The Evaporation Method1 requires no special accessory but only works with water and aqueous liquids that actually evaporate over time. It can also be a very time consuming measurement. The main advantage is that the drop volume can be reduced without disturbing the drop geometry. And unlike the other methods, the evaporation method can only capture the receding contact angle and not the advancing. On some surfaces, especially where surface roughness is pronounced, the drop will never dewet; it stays pinned all the way to the disappearance of the drop.2 In those cases, the evaporation method is not so useful. Likewise, this method is not very well suited for hydrophobic and superhydrophobic surfaces.

The method selected is often a function of the equipment that is available. However, for superhydrophobic surfaces, the add/remove volume method can be done reliably using large drops with a small gauge needle.3  

Researchers in Italy have determined that receding contact angle can predict rebound behavior of dynamic drops on hydrophobic surfaces.4 Their studies indicate that rebound only occurs when the receding contact angle is greater than 100°.


  • The receding contact angle cannot be larger than the advancing contact angle.
  • The receding contact angle is typically smaller than both the static contact angle and the advancing contact angle.
  • There are a number of ways to measure the receding contact angle.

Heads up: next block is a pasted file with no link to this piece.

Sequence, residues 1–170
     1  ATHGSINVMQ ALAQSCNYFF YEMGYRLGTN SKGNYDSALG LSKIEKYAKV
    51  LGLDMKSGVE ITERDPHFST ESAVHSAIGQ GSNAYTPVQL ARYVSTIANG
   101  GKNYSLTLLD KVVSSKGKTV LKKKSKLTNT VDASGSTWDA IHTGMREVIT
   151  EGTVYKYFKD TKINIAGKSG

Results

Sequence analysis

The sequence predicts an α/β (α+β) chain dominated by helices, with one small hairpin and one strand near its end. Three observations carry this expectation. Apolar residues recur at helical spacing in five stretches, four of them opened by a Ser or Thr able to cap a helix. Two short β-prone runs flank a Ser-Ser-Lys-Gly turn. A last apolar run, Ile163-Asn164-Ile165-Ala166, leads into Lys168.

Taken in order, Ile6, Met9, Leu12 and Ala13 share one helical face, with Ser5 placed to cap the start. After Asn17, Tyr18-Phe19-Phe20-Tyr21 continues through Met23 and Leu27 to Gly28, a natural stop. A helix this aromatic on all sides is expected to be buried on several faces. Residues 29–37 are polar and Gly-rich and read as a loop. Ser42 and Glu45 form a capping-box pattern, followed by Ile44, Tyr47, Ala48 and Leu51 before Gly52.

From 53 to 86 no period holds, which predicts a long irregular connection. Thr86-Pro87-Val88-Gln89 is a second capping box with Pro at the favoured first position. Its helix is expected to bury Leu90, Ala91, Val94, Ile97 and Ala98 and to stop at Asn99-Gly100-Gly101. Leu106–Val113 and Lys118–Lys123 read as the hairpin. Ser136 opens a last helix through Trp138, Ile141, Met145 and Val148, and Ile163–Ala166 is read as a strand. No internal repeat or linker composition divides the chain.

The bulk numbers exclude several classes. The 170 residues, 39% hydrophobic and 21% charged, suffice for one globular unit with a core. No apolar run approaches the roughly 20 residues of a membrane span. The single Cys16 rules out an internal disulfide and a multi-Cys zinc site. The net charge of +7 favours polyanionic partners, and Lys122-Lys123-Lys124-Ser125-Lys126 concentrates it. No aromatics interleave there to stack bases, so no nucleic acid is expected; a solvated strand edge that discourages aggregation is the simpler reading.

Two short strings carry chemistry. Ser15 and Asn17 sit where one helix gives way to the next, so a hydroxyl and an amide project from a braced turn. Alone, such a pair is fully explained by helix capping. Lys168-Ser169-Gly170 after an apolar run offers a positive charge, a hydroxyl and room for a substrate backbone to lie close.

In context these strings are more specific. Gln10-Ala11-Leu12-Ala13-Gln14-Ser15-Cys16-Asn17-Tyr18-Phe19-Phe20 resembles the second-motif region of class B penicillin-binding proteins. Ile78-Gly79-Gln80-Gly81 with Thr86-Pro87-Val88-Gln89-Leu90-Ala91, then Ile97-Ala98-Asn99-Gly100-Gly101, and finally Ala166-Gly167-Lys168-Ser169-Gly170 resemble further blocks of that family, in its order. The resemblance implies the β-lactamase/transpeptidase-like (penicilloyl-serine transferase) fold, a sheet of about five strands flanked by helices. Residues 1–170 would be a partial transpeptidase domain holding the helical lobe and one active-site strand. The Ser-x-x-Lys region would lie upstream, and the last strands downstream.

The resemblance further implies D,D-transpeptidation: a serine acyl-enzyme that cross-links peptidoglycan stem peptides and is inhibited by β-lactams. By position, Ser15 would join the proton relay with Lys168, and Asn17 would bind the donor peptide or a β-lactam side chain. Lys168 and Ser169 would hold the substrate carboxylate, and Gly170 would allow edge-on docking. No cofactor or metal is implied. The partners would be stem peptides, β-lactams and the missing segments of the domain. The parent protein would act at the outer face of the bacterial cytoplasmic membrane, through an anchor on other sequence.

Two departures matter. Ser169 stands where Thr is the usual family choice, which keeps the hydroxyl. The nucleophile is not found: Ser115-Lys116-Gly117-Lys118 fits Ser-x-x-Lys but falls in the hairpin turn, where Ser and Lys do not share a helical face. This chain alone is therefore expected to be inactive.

• The tilting plate and add/remove volume methods are the two most common.
  • The tilting plate method is more sensitive to drop volume and works well for many types of surfaces. However, it requires tilting hardware.
  • The add/remove volume method does better with advancing than receding contact angle measurements due to the perturbation caused by the needle and works better on hydrophobic and superhydrophobic surfaces than hydrophilic surfaces.
  • The evaporation method is very time consuming, does not work for many types of surfaces, but requires the least additional testing hardware.
  • The receding contact angle is used to determine the contact angle hysteresis (when subtracted from the advancing contact angle).
  • When the contact angle hysteresis is small, the surface is highly homogenous relative to both chemical composition and structure (roughness).
  • In most cases, roughness is the biggest driver of contact angle hysteresis.
  • When measuring receding contact angle using the add/remove volume method with DROPimage, you should use the Line method. For advancing, use the circle method.

1 Determination of the Receding Contact Angle of Sessile Drops on Polymer Surfaces by Evaporation H. Yildirim Erbil,*,†, G. McHale,‡, S. M. Rowan,‡ and, and M. I. Newton‡ Langmuir 1999 15 (21), 7378-7385 DOI: 10.1021/la9900831
2 On the Uniqueness of the Receding Contact Angle: Effects of Substrate Roughness and Humidity on Evaporation of Water Drops Paola G. Pittoni, Chia-Hui Lin, Teng-Shiang Yu, and Shi-Yow Lin Langmuir 2014 30 (31), 9346-9354 DOI: 10.1021/la501455d
3 Reliable Measurement of the Receding Contact Angle Juuso T. Korhonen, Tommi Huhtamäki, Olli Ikkala, and Robin H. A. Ras Langmuir 2013 29 (12), 3858-3863 DOI: 10.1021/la400009m
4 Drop Rebound after Impact: The Role of the Receding Contact Angle  C. Antonini, F. Villa, I. Bernagozzi, A. Amirfazli, and M. Marengo Langmuir 2013 29 (52), 16045-16050 DOI: 10.1021/la4012372